I would so much like to converse with them but I would have to learn hadoti, one among Rajasthan’s myriad dialects. However, during the day my wish becomes reality. As I am sitting cross-legged, contemplating the creation of a mandana, the boldest girl hands me a vegetable brush and points out where I have to draw. By way f dialogue, she writes in space with the tip of her index finger, the pattern’s outline. I grab the tool and I reproduce as best as I can, a spiral wrapped around the central design. Friendly hands come immediately to my rescue and correct my clumsiness. What a joy to learn and feel the strength of a collective work.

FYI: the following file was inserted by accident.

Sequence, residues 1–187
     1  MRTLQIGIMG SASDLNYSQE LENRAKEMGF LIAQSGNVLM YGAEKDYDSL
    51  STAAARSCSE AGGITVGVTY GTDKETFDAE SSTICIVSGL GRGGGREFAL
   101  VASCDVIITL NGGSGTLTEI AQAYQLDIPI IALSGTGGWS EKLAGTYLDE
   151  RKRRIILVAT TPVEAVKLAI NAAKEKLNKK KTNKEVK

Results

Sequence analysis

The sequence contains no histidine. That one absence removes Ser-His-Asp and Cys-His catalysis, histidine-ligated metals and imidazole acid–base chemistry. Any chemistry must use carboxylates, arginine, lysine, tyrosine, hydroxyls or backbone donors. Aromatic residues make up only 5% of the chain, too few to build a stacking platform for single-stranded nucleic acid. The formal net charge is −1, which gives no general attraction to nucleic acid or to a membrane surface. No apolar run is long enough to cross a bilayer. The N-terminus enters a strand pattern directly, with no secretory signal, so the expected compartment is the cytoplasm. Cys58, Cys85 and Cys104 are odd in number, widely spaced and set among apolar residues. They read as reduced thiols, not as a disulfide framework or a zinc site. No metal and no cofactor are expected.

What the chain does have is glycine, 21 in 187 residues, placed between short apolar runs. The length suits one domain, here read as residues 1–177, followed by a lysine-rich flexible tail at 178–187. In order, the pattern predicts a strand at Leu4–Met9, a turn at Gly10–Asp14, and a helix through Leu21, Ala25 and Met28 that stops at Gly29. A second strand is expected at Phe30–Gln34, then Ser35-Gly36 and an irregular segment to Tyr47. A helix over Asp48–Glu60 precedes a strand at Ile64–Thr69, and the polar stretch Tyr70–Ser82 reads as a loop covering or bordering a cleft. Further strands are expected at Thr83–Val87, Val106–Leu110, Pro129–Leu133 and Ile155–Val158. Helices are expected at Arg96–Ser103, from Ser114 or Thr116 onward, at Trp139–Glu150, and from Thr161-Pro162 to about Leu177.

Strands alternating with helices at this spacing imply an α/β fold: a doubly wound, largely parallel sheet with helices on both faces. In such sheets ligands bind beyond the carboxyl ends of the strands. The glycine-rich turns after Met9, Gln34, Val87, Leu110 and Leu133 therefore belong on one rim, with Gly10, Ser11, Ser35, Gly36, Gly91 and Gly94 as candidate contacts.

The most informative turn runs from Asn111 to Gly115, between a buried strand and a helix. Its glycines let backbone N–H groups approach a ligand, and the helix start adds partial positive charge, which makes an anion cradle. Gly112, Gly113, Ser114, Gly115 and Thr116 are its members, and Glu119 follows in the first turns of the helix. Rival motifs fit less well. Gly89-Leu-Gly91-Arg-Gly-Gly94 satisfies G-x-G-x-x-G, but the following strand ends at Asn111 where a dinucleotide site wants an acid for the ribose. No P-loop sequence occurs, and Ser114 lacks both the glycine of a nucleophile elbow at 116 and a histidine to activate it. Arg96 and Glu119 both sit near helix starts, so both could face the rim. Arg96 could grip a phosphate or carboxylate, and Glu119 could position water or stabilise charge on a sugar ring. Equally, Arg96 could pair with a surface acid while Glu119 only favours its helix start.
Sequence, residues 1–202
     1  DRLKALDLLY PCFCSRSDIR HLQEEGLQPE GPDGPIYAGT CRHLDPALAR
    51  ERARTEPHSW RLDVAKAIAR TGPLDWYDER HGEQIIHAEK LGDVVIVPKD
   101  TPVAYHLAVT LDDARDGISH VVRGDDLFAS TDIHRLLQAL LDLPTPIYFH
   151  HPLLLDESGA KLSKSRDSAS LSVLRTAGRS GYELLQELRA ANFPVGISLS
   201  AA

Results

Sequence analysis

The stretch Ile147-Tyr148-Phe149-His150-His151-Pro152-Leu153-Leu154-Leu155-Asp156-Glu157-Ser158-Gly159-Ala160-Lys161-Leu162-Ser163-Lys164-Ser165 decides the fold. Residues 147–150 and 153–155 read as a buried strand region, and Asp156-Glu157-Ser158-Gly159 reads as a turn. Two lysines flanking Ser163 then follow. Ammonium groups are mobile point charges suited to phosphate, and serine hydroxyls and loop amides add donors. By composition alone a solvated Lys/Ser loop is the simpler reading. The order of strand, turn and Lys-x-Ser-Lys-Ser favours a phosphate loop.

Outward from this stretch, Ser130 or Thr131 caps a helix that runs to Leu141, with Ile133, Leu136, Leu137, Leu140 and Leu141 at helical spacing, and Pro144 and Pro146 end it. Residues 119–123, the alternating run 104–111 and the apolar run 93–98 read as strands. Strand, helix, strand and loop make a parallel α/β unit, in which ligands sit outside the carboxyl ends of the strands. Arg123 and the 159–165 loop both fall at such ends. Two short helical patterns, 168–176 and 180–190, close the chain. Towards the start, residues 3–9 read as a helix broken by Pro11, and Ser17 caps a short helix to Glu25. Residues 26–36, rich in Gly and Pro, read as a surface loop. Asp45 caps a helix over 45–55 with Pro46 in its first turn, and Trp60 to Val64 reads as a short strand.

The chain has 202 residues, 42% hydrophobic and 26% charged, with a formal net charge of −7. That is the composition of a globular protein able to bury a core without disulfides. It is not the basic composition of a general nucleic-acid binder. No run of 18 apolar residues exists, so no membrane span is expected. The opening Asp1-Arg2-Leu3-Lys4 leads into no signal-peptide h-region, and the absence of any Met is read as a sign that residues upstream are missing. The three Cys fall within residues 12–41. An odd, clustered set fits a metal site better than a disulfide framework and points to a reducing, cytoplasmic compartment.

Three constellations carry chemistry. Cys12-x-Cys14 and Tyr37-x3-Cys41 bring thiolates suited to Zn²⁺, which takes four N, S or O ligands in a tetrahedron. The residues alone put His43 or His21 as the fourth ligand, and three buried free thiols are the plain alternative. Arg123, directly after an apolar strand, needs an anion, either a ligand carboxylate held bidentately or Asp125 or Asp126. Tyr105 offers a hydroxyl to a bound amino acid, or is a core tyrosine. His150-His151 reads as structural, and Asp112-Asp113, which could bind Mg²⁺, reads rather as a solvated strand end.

A young boy who understood my interest for mandana decides to accompany me. He moves aside the crowd and guides my steps to each and every drawing that might interest me and that I could photograph. The day ends in joy between mutual admiration, curiosity and authentic generosity. I drink tea in many houses and relish pastries made for Dipavali. It’s time to leave but I already know that I will come back to see these women, guardians of a pictorial tradition as they write in symbols the village destiny and paint diagrams to attract the favors of the divinities.